Art. Let’s talk about it for a bit.
One of the best things about the world and technology and the grand internets is that art is exploding, everywhere. If you have an idea and a smartphone, your art can meet the glory of YouTube in about ten seconds.
Suddenly, brilliant artists in the middle of nowhere who have no label backing them can pop out a killer Gotye cover. Suddenly, strange recipes for coffee and bacon sandwiches find their way to fellow foodies whose lives just wouldn’t be the same without caffeinated breakfast foods for dinnertime awesomeness. (I heart Joy the Baker. Follow her now.) Suddenly, Banksy and Leonid Afremov share equal space in my art inspiration days.
(there’s always a but in there somewhere, isn’t there?)
The internet also lets you hide pretty well. I know. I do it all the time. Direct, real-life criticism can get brushed aside as being the rantings of a hater. There’s not always community built around art anymore. It becomes about page views and self-indulgence. (I’m totally guilty here, don’t get me wrong.) You can ignore the critics because they’re words on a screen rather than honest thoughts from a friend sitting across the table from you.
And that’s the quickest way to artistic apathy. And then death.
It’s one thing to blog a story. It’s a whole different game to type it up and hand it to friends and mentors for face-to-face notes. It’s one thing to paint and then hide it away. I just do this for me. It’s another (infinitely more terrifying) thing to show your paintings at a local art night. It means you have to watch the faces of your audience as they hate it. Or maybe love it. But you’re there for their unfiltered reactions either way.
And, you guys! It’s scary! I know that. I know all those questions rattling around in your head.
What if you don’t like my heart? Or my voice? Or my color choices? Or my words?
What if you don’t like me?
- First thing’s first – separate you from your art.
Not entirely, because without your own experiences, how can you create anything? Person you makes artist you a possibility. Own it. Love it. Fight for it. But you have value and purpose in this crazy world because you are a person, not because you are an artist. So don’t take it all personally when someone says your art could be better. It probably could be. Don’t freak out. Make it better!
- And…. second thing – you have to take the risk!!!
Art doesn’t exist in a vacuum. Art by its very nature is meant to be shared (it’s like a good cup of coffee that way!) Critiqued. Loved. Hated. When we share our art, we learn to be better artists. (There’s a parallel here to being better humans too, but I’ll leave that for another blog.) Get embarrassed every so often. As you grow artistically, it’s going to happen less and less.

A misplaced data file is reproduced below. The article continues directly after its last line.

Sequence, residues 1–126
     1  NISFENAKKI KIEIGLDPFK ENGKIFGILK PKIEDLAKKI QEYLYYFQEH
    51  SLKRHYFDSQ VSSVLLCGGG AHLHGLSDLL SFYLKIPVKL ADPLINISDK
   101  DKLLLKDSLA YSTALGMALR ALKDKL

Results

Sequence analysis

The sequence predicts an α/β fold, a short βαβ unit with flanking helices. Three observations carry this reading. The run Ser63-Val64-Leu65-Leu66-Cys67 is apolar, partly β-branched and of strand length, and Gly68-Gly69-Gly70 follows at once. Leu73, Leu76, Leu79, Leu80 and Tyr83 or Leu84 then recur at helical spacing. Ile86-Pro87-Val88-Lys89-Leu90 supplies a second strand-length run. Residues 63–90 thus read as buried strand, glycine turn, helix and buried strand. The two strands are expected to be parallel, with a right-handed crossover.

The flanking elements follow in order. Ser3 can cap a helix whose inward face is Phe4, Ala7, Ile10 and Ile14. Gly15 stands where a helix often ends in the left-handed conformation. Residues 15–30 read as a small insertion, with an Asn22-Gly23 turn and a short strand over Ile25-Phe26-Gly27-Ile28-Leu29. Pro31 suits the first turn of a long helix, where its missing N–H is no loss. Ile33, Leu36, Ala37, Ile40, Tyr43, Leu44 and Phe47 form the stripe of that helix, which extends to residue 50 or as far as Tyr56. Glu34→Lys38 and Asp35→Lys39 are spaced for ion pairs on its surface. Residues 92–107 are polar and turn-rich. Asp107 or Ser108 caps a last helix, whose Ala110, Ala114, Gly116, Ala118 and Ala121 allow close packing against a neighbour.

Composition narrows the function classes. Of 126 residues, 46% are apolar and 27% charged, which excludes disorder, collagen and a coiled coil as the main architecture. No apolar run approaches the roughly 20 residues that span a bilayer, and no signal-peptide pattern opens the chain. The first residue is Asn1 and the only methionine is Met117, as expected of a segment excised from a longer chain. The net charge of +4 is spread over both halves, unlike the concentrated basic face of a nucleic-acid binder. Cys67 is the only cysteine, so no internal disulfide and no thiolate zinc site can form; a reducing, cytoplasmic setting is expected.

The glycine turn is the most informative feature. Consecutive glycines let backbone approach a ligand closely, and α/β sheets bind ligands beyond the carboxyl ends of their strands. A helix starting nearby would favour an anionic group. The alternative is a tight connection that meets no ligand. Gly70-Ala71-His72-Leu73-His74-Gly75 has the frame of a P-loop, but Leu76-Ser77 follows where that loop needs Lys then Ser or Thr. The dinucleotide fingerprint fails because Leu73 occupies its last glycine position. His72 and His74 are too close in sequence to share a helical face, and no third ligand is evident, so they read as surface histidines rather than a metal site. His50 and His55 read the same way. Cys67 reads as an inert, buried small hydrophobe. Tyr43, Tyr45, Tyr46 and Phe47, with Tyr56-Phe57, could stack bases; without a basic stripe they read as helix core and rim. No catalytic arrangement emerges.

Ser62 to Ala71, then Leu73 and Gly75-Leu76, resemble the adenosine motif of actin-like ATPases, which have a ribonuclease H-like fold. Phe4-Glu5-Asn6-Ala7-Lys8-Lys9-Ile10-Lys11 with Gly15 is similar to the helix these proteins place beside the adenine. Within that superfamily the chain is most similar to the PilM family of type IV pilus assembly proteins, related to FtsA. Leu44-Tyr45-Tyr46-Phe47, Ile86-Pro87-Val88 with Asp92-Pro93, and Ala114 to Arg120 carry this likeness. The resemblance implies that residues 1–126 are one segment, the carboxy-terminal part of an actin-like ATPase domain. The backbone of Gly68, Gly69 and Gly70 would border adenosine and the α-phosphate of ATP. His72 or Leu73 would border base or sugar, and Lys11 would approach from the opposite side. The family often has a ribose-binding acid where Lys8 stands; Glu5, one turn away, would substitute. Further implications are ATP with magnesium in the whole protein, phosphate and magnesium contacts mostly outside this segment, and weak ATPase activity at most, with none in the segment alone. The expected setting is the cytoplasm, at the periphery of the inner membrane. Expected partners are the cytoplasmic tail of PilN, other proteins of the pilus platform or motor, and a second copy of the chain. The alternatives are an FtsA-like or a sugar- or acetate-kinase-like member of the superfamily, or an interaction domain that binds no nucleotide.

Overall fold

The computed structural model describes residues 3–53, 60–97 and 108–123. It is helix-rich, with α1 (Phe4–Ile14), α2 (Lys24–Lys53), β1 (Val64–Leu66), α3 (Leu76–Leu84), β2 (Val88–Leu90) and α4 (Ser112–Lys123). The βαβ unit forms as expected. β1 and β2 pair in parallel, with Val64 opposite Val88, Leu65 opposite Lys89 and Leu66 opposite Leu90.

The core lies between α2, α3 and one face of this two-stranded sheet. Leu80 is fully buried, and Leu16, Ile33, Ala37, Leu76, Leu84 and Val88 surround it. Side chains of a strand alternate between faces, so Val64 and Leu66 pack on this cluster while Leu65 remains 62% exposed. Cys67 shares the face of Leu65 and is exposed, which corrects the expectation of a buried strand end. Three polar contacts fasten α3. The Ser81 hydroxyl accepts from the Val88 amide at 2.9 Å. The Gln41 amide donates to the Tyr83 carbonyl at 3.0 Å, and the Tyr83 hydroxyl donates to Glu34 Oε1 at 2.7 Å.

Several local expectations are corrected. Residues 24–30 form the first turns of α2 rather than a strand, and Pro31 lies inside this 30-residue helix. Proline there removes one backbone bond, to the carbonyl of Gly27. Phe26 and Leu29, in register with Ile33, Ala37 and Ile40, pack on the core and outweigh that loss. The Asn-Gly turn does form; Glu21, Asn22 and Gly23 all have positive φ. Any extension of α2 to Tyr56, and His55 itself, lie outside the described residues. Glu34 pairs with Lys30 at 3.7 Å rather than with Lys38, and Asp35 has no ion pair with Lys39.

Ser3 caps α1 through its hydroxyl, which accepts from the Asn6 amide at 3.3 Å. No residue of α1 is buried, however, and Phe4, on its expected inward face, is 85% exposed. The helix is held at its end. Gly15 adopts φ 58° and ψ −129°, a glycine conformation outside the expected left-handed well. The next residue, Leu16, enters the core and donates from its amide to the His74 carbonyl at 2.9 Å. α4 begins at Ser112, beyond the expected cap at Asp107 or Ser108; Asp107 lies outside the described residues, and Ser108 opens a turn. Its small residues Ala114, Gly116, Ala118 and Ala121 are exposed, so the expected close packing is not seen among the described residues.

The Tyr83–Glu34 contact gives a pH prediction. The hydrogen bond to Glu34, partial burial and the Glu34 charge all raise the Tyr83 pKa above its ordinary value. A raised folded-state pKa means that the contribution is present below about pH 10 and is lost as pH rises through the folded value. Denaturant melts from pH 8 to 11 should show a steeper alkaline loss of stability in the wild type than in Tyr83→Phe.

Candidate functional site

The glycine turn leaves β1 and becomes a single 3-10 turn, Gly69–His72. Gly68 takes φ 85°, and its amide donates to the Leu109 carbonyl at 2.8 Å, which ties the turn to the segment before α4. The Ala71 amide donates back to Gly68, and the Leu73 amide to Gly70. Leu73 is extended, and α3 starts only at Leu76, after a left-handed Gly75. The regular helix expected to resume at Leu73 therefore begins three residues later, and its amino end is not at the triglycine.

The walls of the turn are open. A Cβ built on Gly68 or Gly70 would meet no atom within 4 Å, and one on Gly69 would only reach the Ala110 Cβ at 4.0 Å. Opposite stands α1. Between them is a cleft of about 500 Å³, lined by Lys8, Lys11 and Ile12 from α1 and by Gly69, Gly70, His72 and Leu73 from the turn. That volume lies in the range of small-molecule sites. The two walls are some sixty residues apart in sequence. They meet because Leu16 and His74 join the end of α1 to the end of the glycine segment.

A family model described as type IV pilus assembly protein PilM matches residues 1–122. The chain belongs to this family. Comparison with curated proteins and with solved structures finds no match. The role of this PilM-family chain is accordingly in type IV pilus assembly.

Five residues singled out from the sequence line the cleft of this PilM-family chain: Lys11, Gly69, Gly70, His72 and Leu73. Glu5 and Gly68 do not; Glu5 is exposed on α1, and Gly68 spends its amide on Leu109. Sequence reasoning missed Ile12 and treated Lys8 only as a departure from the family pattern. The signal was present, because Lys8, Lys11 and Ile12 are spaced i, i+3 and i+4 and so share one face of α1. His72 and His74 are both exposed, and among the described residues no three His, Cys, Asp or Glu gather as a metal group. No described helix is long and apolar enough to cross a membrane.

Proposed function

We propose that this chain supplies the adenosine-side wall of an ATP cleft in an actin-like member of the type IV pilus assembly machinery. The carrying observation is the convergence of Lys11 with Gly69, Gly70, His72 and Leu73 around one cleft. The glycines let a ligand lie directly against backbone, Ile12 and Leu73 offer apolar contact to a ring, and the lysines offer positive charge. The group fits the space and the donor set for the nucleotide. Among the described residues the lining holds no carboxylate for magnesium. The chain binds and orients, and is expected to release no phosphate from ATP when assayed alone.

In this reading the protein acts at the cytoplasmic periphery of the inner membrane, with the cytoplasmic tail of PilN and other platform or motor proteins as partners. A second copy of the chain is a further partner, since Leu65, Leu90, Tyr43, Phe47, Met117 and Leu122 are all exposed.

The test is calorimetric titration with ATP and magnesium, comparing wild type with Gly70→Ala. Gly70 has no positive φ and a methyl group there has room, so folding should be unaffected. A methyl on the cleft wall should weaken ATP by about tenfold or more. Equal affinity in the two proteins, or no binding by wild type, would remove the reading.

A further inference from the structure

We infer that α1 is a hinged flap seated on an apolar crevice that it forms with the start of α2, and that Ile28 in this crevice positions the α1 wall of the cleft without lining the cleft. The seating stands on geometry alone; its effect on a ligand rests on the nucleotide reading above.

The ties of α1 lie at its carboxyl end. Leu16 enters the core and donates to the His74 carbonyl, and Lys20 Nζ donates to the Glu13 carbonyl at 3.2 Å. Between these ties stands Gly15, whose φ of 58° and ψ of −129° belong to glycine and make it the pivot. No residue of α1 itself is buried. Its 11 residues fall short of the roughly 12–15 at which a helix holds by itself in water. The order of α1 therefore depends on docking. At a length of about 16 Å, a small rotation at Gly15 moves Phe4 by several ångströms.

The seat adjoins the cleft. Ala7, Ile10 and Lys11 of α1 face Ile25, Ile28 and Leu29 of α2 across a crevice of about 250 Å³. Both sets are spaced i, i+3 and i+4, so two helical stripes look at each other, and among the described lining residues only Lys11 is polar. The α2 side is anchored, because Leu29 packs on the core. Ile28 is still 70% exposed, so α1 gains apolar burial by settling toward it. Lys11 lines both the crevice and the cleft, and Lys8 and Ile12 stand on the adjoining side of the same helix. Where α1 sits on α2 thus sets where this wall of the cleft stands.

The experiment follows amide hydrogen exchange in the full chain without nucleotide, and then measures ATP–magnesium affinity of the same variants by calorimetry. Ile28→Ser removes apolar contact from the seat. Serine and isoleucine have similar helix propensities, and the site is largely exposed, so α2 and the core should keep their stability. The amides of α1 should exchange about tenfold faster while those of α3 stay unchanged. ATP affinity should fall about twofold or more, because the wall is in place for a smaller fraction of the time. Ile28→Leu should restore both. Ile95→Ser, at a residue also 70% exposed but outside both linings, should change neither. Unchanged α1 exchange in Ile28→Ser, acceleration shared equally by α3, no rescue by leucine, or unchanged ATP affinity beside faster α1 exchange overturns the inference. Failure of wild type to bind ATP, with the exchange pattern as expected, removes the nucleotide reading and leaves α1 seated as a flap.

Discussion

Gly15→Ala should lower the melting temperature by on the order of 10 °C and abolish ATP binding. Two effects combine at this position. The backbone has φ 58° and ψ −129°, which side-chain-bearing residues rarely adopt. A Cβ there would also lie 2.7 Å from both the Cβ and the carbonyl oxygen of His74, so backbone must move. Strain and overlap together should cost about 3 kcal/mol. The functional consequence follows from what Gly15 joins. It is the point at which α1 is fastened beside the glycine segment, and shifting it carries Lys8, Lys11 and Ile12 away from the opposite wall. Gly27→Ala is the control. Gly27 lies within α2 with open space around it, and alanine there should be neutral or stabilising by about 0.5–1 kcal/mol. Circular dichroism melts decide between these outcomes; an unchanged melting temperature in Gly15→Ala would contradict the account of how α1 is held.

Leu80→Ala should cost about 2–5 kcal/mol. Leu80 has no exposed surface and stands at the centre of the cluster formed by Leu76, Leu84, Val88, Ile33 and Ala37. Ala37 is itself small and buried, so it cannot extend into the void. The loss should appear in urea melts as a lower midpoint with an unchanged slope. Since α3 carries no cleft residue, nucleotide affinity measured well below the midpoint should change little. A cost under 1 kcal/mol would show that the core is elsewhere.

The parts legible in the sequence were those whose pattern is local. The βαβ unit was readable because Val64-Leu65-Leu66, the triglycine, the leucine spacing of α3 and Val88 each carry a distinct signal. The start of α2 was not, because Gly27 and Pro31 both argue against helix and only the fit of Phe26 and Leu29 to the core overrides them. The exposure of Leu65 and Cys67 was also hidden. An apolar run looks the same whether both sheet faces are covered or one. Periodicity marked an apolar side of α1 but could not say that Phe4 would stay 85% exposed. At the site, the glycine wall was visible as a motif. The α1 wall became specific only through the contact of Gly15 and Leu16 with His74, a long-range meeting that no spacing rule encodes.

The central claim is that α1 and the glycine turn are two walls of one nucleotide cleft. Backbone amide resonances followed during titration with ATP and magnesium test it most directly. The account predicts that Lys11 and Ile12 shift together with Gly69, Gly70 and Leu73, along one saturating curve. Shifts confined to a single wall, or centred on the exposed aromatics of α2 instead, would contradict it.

You invite others in to your art. Into your story. Be open to it. Share. Early and often. It’s why I blog. It’s why I tweet links to my posts – I want people I know and love to comment and critique and help me shape my words into their best possible forms. It makes me a better writer.
- Final thing — listen.
Let’s just be real. Not every person is good at every kind of art. And that sucks! I wish everyone was perfect at every type of art. I mean, how cool would that be? But there’s a reason I am not a storyboard artist. There is a reason I don’t knit. There is a reason I don’t play the drums. (I draw stick figures, I can’t knit to save my life, despite Jess and Lauren’s best attempts, and I hate the thought of people listening to me for their timing and beat. *Shivers* Anyway…)
Don’t be afraid to focus on what you’re actually good at. This a theme that has come up a couple times in my blogs – but you don’t have to be everything to everyone. If you can’t sing a note, don’t pursue a career as the next Josh Groban or Kenny Chesney or Tori Amos. You’re just going to end up years down the road, disappointed and still no closer to what you’re actually supposed to do. Don’t put that stuff on YouTube. For reals. That’s the kind of stuff that comes back to haunt you later. And who needs that?
Because maybe it’s going to turn out that you are AMAZING at baking, and the world needs your brand and flavor of wedding cakes. Or maybe you can grow the most amazing vegetables (in which case you are my new best friend and I want you to come over to my kitchen immediately. With fresh tomatoes, if possible.) Maybe you’re the next Van Gogh while you’re trying to be the next Van Johnson (look him up, people. Look him up.)
I can be halfway good at a lot of things. I sort of play guitar. I pretend that I’m a decent sketch artist. I have great fashion sense, but it’s not like I’m the next Vera Wang. I’m terrible at gardening. I’m lucky if I keep a bouquet alive for a week. And I could just stick around in this halfway point forever.
It would be easy to duck my fears of not being enough at the things I love – music. writing. baking. painting – by living in the things that I only like.
And that is exactly what makes bad art.
Go be excellent at your art. Go be excellent at being you. Because – and I’m saying this maybe not even knowing you – you are awesome. You are amazing at being you. You are your own brand of artist. Find it. Love it. Develop it. It’s going to be brutally hard.
The rest of us crazy creative types are running alongside.
I want to dig in deeper this week… More coming this weekend!
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